Implementing Reforms | Daily News

Implementing Reforms

Most articles in this series have identified that increasing FDI and exports are the key pillars of achieving sustainable economic development. The article of January 21, 2023, identified areas of probable growth in the global economy. This growth would take place even within the context of a global recession as they are areas that are driving growth of a new economic cycle. ( Some of the key areas that were identified as ones that Sri Lanka should venture into are Renewable Energy (RE), mobility, IT/data science and AI, tourism, organic agriculture and exploiting our recently found oil and gas reserves.

Implementing Strategy

Reproduced is a model to evaluate implementation of strategy that is available within the public domain. The model is self-explanatory and similar models are used successfully in the corporate world. By using it here I am hoping it will give the reader a lens to evaluate if strategy is being implemented well.

Commit to Strategy Plan

The president has clearly articulated his broad-brush stroke strategy to revive the nation’s economy. Most economic commentators would agree with the President’s plan. However, to commit to this plan, he requires the consensus of the executive and legislative arms of the Government.

Align Jobs to Strategy

If there is no consensus towards a strategy, aligning jobs to the strategy would be very difficult. To make matters even worse, whilst there are some eminently capable professionals who have been granted key executive appointments and entrusted with the role of strategy implementation, some appointments do not warrant such confidence. This again will impede the alignment of strategy and the President’s ability to drive implementation.

Communicate with Employees

Again, given the lack of strategy consensus, the ability to communicate openly regarding macro strategies with implementation teams becomes impossible. If the strategy is communicated in vague and opaque terms the goal remains unclear and does not allow all stakeholders to commit fully. For example, the goal of the strategy may be privatisation however, as this may not get the full buy in of the Cabinet and Parliament it is communicated as an employee share ownership scheme with a small shareholding sold to a strategic partner.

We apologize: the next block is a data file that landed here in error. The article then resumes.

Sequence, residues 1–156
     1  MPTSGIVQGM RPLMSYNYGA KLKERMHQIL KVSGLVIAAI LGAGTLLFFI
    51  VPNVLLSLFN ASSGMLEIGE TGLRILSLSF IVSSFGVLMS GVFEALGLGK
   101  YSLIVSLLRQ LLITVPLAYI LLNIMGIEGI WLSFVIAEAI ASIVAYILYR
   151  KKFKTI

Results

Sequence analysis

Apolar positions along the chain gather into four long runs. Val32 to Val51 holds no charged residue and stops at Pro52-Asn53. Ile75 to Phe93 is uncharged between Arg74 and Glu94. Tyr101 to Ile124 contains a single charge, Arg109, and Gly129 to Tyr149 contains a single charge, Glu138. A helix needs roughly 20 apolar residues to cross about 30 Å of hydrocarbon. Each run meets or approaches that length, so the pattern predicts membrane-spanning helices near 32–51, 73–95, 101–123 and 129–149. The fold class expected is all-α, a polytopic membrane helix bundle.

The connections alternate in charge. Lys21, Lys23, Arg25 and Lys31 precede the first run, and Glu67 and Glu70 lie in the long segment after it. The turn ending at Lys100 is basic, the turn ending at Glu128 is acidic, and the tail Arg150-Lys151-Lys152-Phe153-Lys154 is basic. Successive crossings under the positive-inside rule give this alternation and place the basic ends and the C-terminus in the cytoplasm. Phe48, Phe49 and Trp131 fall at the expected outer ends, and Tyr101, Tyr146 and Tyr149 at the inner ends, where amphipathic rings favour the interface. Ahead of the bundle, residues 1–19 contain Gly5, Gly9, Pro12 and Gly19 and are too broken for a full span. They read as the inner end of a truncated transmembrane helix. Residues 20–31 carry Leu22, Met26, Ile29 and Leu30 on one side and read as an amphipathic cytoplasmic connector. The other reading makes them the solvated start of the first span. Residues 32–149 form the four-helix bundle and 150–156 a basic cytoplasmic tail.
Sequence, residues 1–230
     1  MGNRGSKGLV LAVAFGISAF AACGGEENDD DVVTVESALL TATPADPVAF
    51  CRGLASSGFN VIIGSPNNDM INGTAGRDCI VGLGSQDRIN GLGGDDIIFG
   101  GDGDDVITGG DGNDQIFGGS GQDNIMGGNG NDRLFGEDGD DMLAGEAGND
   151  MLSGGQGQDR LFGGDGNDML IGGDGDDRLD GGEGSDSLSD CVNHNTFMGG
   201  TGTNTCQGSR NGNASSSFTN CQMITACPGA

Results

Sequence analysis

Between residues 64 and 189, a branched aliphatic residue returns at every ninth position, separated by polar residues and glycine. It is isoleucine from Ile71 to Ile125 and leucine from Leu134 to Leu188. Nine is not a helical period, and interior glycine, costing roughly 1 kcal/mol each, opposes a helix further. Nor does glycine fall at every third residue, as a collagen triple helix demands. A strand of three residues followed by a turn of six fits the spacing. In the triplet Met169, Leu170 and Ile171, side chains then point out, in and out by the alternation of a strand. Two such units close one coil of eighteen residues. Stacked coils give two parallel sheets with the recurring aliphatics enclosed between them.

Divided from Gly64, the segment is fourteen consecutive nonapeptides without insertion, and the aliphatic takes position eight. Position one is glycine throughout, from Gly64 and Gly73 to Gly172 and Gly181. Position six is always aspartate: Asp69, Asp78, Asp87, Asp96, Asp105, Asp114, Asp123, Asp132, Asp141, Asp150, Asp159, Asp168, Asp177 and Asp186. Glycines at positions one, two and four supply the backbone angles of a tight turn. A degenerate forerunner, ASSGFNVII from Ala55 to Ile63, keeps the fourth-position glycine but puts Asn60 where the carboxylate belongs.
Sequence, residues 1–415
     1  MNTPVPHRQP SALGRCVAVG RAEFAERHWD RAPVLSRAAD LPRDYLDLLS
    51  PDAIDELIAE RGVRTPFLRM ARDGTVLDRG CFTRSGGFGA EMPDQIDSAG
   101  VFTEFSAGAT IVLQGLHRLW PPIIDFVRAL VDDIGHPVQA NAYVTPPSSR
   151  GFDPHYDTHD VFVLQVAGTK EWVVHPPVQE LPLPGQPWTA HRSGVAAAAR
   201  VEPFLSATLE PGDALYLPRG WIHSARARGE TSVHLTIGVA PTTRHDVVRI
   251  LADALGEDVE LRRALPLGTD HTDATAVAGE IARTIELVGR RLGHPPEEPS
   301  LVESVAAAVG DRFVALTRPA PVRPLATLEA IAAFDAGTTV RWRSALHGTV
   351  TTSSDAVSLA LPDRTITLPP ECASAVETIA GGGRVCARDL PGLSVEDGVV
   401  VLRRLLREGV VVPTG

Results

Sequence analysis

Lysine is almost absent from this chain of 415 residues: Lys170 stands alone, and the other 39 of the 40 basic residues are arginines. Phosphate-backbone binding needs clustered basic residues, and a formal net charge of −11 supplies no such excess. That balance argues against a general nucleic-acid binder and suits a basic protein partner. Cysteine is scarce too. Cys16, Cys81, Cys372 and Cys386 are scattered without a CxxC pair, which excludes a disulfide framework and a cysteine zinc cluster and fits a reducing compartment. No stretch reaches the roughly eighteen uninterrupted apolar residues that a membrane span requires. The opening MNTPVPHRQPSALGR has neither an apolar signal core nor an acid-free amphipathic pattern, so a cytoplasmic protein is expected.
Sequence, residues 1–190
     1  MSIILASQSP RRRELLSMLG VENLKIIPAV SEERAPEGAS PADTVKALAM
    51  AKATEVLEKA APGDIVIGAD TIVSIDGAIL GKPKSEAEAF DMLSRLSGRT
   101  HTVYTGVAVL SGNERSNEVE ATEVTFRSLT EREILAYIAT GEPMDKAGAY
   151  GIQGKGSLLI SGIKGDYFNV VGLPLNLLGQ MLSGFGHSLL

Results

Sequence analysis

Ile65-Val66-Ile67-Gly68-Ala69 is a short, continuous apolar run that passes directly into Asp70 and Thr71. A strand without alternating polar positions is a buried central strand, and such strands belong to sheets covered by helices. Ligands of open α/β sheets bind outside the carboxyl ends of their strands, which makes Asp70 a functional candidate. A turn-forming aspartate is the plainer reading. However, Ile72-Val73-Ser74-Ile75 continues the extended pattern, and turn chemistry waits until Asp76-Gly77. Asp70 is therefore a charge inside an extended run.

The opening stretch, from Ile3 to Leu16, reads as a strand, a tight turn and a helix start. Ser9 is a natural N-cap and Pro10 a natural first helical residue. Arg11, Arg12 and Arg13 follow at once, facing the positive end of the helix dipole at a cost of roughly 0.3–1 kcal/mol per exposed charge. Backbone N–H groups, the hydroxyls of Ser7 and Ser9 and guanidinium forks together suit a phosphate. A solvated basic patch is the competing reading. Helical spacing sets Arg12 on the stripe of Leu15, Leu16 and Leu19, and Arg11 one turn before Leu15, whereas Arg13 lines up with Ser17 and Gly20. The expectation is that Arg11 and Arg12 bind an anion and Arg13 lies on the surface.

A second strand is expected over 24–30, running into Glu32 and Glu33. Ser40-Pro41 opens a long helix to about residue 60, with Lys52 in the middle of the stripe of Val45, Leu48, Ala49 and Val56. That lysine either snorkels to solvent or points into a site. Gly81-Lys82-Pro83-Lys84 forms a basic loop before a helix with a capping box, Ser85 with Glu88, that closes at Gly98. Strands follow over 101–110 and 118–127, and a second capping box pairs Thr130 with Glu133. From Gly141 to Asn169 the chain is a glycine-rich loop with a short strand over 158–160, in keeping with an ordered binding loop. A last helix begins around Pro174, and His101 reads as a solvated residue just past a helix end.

Measure and Monitor Performance

Every year, the Sri Lankan Minister of Finance reads his budget. There is never a measure of performance of the previous budget.

The budget is not made out identifying clear measurables. It is often a vague strategy outline, and not a plan set out to drive implementation.

Balance Innovation and Control

In management strategy a manager must be given enough ability to innovate to enable him to deliver the result that has been entrusted. However, there should also be in place some control to ensure he doesn’t lose focus.

Successful Strategy Implementation

The Minister of Finance (MoF) , the Secretary to the Treasury (ST) and the Governor of the CBSL have successfully driven the negotiations with the IMF in a positive manner. This team, together with the Minister of Foreign Affairs and the High Commissioner for Sri Lanka in India have successfully managed our negotiations with creditor nations. Because of this, it is likely that we could move forward in signing off an IMF agreement.

However, without the pillars identified by the model, will we be able to work through the IMF programme and drive it to a conclusion?

Management experts have identified that a mediocre strategy, excellently implemented is often better than a brilliant strategy badly implemented. Based on the HBS strategy implementation model, Sri Lanka does not seem to have the ability to implement a good strategy. Maybe, Sri Lanka is adopting a ‘home grown’ management model that is yet to be published in management literature?

Sheran Fernando is a Co-Founder of Innosolve Lanka (Pvt.) Ltd, a start-up dedicated to introducing sustainable mobility solutions in Sri Lanka. He is an economist by training with wide commercial experience, including 20 years in the automotive industry. He belongs to the alumni of Harvard Business School (OPM53). [email protected]

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